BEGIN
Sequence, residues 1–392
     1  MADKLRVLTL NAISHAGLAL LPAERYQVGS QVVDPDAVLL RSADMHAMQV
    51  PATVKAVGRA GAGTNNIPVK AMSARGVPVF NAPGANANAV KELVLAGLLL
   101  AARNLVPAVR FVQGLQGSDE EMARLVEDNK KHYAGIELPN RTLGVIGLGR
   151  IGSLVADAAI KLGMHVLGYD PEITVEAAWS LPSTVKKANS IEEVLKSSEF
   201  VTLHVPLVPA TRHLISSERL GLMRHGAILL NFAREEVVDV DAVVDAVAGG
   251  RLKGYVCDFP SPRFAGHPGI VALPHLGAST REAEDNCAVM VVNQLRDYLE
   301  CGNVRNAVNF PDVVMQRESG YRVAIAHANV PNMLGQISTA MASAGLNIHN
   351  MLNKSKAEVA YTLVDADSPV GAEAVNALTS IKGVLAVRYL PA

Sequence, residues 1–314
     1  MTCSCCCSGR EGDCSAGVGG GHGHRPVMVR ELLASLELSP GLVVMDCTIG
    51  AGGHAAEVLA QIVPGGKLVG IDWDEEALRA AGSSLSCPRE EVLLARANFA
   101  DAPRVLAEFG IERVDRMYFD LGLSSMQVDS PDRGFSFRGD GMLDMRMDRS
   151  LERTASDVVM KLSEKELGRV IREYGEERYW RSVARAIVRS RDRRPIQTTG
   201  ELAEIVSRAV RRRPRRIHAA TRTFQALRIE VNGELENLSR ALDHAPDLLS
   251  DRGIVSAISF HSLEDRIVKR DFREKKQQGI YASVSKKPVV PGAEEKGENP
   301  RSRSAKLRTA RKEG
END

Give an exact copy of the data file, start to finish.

Sequence, residues 1–392
     1  MADKLRVLTL NAISHAGLAL LPAERYQVGS QVVDPDAVLL RSADMHAMQV
    51  PATVKAVGRA GAGTNNIPVK AMSARGVPVF NAPGANANAV KELVLAGLLL
   101  AARNLVPAVR FVQGLQGSDE EMARLVEDNK KHYAGIELPN RTLGVIGLGR
   151  IGSLVADAAI KLGMHVLGYD PEITVEAAWS LPSTVKKANS IEEVLKSSEF
   201  VTLHVPLVPA TRHLISSERL GLMRHGAILL NFAREEVVDV DAVVDAVAGG
   251  RLKGYVCDFP SPRFAGHPGI VALPHLGAST REAEDNCAVM VVNQLRDYLE
   301  CGNVRNAVNF PDVVMQRESG YRVAIAHANV PNMLGQISTA MASAGLNIHN
   351  MLNKSKAEVA YTLVDADSPV GAEAVNALTS IKGVLAVRYL PA

Sequence, residues 1–314
     1  MTCSCCCSGR EGDCSAGVGG GHGHRPVMVR ELLASLELSP GLVVMDCTIG
    51  AGGHAAEVLA QIVPGGKLVG IDWDEEALRA AGSSLSCPRE EVLLARANFA
   101  DAPRVLAEFG IERVDRMYFD LGLSSMQVDS PDRGFSFRGD GMLDMRMDRS
   151  LERTASDVVM KLSEKELGRV IREYGEERYW RSVARAIVRS RDRRPIQTTG
   201  ELAEIVSRAV RRRPRRIHAA TRTFQALRIE VNGELENLSR ALDHAPDLLS
   251  DRGIVSAISF HSLEDRIVKR DFREKKQQGI YASVSKKPVV PGAEEKGENP
   301  RSRSAKLRTA RKEG